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Ever thought...wow look at that spot!! It has to be a good place...and then...

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  • Ever thought...wow look at that spot!! It has to be a good place...and then...

    I have a field near me that should produce. It just does not. Its an ag field that has been tilled for years. It is right on a river and is on a hillside that is probably 20 ft above the river. It has never flooded. I have found many artifacts in short walk proximity to this spot. Its a small field maybe 6 acres. I keep searching it because it seems so right but have never found so much as a waste flake. Just wondering if anyone has ever had this issue. I have no idea of the full history on this field but I think its never been any more that a farm field.
    The chase is better than the catch...
    I'm Frank and I'm from the flatlands of N'Eastern Illinois...

  • #2
    Been there, done that! Have as many fields I have walked that aren't as are.
    Searching the fields of Northwest Indiana and Southwestern Michigan

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    • #3
      I had a field like that, and after the fourth time looking, I finally found a scraper. I didn’t find much though.
      South Dakota

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      • #4
        You have to think in terms of what did the field area look like in prehistoric times. Being right along the river at an elevation of only 20", it may have been constantly flooded 3000 years ago, but today the river may have changed course just enough so the field doesn't get flooded anymore. Or maybe that area was all wooded at one time, and cleared a hundred years ago for farming. We often see fields and places that really should have artifacts, based on what we are seeing now, but the landscape no doubt changed a bit.
        http://www.ravensrelics.com/

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        • #5
          Its probably just needs to be plowed deeper.

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          • Jethro355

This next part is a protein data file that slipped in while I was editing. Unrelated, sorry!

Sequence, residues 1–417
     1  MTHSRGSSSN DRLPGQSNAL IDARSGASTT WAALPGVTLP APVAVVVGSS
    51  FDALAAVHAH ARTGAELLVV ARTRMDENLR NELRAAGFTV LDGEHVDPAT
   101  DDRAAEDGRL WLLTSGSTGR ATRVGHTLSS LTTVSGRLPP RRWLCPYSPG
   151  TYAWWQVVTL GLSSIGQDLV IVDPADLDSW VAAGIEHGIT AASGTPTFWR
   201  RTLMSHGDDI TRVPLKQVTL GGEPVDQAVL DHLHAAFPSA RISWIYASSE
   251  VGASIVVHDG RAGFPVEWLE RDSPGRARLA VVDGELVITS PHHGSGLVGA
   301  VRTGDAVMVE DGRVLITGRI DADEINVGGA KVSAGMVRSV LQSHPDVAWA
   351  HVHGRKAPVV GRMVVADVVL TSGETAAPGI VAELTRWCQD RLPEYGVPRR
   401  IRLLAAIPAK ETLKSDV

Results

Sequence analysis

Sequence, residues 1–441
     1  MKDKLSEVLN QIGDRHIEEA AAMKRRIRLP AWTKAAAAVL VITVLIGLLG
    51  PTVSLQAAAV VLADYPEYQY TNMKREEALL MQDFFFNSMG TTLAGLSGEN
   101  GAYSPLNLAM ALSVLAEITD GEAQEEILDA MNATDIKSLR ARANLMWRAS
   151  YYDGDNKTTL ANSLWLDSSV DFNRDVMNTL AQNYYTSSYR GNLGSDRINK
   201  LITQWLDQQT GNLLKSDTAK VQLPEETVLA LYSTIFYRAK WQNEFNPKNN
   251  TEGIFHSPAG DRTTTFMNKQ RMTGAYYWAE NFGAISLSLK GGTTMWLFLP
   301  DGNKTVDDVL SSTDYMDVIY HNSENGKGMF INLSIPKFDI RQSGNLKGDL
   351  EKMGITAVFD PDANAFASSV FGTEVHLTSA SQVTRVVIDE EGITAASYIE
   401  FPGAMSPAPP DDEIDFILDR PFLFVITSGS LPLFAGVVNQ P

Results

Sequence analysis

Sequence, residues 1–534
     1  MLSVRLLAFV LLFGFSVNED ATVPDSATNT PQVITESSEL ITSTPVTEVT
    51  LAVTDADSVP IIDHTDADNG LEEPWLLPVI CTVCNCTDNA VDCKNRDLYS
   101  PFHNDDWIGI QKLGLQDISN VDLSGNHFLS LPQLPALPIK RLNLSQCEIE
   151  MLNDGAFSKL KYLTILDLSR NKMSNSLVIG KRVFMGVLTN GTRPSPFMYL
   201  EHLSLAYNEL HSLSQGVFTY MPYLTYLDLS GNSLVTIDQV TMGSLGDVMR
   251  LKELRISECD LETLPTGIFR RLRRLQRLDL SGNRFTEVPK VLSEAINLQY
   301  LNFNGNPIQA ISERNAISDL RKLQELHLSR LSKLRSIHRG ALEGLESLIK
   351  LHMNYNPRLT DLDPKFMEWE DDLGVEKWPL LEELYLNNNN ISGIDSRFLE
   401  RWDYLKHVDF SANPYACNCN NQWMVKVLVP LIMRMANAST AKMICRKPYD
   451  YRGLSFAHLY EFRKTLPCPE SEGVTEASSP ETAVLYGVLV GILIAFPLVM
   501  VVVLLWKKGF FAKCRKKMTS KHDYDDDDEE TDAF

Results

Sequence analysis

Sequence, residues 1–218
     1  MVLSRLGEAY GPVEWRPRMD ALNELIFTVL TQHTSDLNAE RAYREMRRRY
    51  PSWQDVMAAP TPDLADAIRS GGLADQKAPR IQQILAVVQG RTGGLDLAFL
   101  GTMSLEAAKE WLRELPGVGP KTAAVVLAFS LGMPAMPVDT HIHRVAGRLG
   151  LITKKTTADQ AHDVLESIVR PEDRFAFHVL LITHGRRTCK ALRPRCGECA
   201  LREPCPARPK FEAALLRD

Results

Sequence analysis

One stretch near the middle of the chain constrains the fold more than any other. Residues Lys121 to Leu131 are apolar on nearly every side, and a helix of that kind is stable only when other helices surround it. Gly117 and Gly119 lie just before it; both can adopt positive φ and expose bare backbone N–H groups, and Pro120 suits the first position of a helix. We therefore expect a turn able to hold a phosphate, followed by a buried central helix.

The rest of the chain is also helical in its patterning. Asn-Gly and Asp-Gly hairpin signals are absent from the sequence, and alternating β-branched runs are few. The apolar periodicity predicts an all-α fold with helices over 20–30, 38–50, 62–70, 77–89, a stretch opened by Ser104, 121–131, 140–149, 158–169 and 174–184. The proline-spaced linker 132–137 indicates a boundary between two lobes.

Jethro355 commented
            Editing a comment
            As painful as this is, it is likely true.

            We have a Ridge on our farm that is a mile or so from the primary village site, but the Mississippian “tribes” were notorious for settling every high spot of ground. I have for years walked that small ridge(it’s only about 150 yards long) and it’s real sandy and it is the right elevation and so on and so on....and I never found anything. Not so much as a flake or chip of pottery...Then a few years back, maybe 2010, we ran a chisel plow over a lot of the farm and then we had The Great Flood of 2011, and the next time I walked it as soon as I walked up on it I started seeing muscle shell pieces everywhere, then I started finding pieces of really, really exquisite Quapaw polychrome pottery. Just pieces. Then I started finding teeth and bone fragments. I got a bit sick to my stomach. I have literally seen hundreds of plowed burials, and occasionally some nice pot fragments in them mixed in with bone-but they were always in known previously inhabited areas. This one hurt. I sat down on the ground and it took me a while to catch my breath. I gathered all the bone and teeth I could find and started digging a hole. I dug about a 5’ hole about as big as a five gallon bucket and put everybody back in the ground.. I started backfilling the hole and was almost done when my shovel hit rock. The ground there was extremely sandy, so I drew a quick breath(y’all know what I’m talking about, like when you just KNOW you hit a perfect G10 and broke it into g-ten pieces) and started scratching through the sand with my fingers...and I came out with the nicest Celt I’ve ever found. It was perfect. I like to think it was my reward for mixing the bones of the dead back into the earth with the bones of their fathers.

            Anyway, I say all that to say this. I know plowing is key to uncovering so many artifacts, but most of the artifacts here are clay, and some are the most beautiful I’ve ever seen, and then you see them scattered by the plow...it’s such a double edged sword.😕

        • #6
          Every time I walk the beach I'm aware that Mother Nature loves two shapes-- circles & triangles. Shells, gravel, chunks of Armourstone all take on that familiar shape. Every piece invites a second look until my eyes cross. Sadly, 99.9% of beach detritus is just that. Occasionally Mother Nature gives up one of her treasures.
          Child of the tides

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          • #7
            I would do a test area if you can.
            like Andy said dig deeper .
            Your never going to know if you don’t try .
            And yes I can’t believe some places have nothing .
            If I had a tractor to dig deep I am sure things would show in places I am frustrated with .

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            • balddawg
              balddawg commented
              Editing a comment
              There’s been a lot of construction around me that was once ag fields, wouldn’t the leveling of the area for plotting lots have taken a lot of artifacts away? Would it be advantageous to look around what they removed to build or is that dirt all waste or on the bottom of the piles?

          • #8
            I’m finding a lot of Flint, three artifacts, some flakes in one main area but working my way to the up stream as it is when it rains a lot, not much so far. Miami Valley Ohio

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